Monday, December 04, 2006

Welfare is like a bad drug addiction

Johann Hari, champion of the British Left, has written an article defending the already bloated welfare system in Britain, and calling for even more welfare payments.

The focus of this article is on young and single mothers. In Britain, as in Australia, many religious and pro-family groups often call for the end of welfare payments to single mothers. They often base this on a conservative or religious belief that the current payments push women to morally and socially undesirable outcomes, i.e - poor young women will fall pregnant at a young age , or perhaps married women will divorce rather than remain married, to receive welfare payments.

Now, perhaps there is some merit to their argument. Especially when all women are well aware of the existing welfare payments that are available, and have been there for a long time. You see, its not an interview process, its just a blind and massive system that starts paying poor single women money as soon as they register with the state bureaucracy. In Australia, *all* mothers receive a baby bonus payment for each child they have, regardless of their status or how wealthy they are. But most of the critics' arguments are based on the fact that they don't approve of a certain lifestyle, and often they would prefer women to remain in traditional family units - i.e married and dependent on a husband.

So, out come left-wing big government fans like Johann Hari to leap to the defense of single mothers. He defends the current welfare payments, and even supports the new payment in Britain which will be paid to 16 and 17 year old girls in poverty who live out of home, for simply attending school.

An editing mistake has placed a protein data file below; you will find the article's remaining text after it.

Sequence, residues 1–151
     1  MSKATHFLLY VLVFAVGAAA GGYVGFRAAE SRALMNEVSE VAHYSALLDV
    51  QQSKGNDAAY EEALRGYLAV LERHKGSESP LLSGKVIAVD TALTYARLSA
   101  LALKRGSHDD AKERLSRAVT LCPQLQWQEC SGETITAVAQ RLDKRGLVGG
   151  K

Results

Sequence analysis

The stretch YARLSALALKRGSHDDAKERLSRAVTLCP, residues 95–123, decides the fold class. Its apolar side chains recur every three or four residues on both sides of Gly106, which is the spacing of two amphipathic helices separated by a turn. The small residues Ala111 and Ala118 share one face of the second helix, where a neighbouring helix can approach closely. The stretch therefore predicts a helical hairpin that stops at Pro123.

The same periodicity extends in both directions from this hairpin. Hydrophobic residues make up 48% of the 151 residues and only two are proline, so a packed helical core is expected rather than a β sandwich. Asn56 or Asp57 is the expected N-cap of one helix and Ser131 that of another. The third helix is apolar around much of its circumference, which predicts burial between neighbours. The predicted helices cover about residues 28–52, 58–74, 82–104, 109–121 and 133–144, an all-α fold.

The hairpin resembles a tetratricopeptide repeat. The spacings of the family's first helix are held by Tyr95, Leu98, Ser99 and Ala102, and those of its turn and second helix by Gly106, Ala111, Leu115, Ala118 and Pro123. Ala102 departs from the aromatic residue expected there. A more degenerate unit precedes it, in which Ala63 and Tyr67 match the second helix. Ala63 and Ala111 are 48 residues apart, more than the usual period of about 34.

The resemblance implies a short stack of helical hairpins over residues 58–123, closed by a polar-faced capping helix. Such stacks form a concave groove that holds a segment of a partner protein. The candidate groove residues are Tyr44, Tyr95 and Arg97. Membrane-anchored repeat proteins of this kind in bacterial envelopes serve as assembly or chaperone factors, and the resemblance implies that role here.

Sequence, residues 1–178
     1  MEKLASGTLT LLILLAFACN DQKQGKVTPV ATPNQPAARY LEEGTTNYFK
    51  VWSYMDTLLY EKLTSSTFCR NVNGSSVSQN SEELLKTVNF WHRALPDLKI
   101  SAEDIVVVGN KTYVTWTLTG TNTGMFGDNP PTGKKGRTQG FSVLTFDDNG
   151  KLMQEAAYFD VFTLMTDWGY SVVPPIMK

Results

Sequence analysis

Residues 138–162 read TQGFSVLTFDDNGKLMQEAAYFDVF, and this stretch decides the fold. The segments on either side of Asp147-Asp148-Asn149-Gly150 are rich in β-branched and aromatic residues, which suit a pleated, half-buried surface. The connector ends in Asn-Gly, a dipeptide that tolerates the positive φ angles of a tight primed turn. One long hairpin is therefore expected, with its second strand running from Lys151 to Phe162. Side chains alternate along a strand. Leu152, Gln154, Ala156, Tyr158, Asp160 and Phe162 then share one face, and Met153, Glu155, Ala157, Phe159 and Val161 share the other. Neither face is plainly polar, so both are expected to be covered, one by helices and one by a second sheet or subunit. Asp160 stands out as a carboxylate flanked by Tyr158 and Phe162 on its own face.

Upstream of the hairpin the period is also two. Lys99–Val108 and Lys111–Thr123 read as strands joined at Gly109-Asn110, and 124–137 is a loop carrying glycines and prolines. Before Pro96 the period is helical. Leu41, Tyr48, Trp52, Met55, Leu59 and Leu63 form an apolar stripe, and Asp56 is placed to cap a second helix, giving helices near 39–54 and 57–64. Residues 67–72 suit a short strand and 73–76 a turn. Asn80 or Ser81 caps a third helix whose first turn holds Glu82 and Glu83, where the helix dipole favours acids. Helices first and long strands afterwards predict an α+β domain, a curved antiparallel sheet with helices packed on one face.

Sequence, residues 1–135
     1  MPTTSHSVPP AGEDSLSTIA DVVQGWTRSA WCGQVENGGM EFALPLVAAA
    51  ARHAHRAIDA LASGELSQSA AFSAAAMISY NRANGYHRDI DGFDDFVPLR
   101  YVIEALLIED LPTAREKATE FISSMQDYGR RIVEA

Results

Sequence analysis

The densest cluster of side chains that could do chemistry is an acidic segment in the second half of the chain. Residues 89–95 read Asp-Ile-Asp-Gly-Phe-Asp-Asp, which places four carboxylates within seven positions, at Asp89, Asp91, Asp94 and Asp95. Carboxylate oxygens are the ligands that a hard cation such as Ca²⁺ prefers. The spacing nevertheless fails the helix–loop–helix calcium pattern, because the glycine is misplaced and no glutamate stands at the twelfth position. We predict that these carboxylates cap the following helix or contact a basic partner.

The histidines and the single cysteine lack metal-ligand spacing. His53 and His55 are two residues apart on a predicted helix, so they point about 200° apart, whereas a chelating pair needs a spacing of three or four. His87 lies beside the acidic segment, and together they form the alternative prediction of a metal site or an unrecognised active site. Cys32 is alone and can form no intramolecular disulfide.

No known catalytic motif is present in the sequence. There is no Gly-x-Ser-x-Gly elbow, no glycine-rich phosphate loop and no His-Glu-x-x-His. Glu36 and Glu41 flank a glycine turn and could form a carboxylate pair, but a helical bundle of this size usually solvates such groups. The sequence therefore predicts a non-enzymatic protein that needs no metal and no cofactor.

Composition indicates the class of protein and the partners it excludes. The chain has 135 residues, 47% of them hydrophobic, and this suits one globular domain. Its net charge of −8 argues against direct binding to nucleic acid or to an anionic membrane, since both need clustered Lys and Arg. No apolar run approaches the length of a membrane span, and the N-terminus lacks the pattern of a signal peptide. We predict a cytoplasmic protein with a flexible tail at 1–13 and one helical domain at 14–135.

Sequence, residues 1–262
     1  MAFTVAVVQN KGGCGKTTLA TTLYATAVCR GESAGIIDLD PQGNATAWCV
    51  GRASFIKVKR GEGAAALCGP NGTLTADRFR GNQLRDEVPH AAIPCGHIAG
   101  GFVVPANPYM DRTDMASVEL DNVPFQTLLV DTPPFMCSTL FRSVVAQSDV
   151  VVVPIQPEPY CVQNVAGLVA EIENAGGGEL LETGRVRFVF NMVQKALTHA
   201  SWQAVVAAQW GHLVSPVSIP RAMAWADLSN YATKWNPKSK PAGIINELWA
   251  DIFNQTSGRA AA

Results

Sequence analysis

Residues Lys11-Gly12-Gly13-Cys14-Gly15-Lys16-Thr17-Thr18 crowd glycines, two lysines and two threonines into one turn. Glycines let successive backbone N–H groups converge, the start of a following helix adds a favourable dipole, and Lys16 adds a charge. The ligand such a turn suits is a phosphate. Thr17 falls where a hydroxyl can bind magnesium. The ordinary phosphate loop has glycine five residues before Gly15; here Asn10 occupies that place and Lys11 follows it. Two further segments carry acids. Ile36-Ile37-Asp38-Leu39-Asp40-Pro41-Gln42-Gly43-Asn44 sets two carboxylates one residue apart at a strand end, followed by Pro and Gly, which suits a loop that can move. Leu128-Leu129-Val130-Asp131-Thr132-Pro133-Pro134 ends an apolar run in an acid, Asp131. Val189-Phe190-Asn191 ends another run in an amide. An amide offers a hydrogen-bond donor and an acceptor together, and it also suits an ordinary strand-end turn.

His justification boils down to one simple argument - to try and encourage positive behaviour. By keeping young girls in school, they are less likely to drop out and start having children, and more likely to develop skills and avoid an early pregnancy. Johann then astounds readers with this idiotic argument:

There's a hint here - just a hint - that the Government is quietly trying to stem the rise in single motherhood in a humane way. Rather than offer harsh moral bromides and threat of benefit cuts, the Government is giving poor 17-year-olds £70 a week to stay in education.
Does anyone see the contradiction ? Johann firstly opposes the attaching of conditions to existing welfare, as a "harsh moral bromide" because it would mean the end of payments for some women. In the very next sentence, he then calls for new welfare payments with strings attached, and describes it as humane. The new welfare is only payable to poor young 17 year olds who remain in school.

Someone should put forward the question to Johann - "What about 16 year old mothers who remain in school. What about 17 year olds who drop out of school ? Why shouldn't they receive the payment Johann ? You are just being cruel !"

Perhaps Johann would agree with the question and call for even more welfare to even more recipients. But the correct thing to do would be to scrap the whole system. This can seem quite cruel and unfair. There may also be young single women who really want to have children, and there may be divorcees or widows who are stuck with children and very little income. So why not let people pursue actions that make them happy, without any consideration of how much money government will hand out to them ? If they value a lifestyle, even if its going to be difficult financially, let them pursue it! If they worry about the financial difficulties, let them decide how best to prepare for the future, even if it means delaying pregnancy until they have a stronger financial position or a marriage to support the pregnancy.

In Johann's mind, he thinks it is cruel to cut welfare, and it is kind to boost welfare. Its as simple as that. Never mind that it is all a giant form of social engineering. Never mind that welfare influences and corrupts people's decisions. Never mind the fact that some some people need more money than is being offered by welfare, and some people need less, and some people take advantage of it by doing an action deliberately in order to qualify for the payment, and that others will have followed actions regardless of whether the payment was there or not.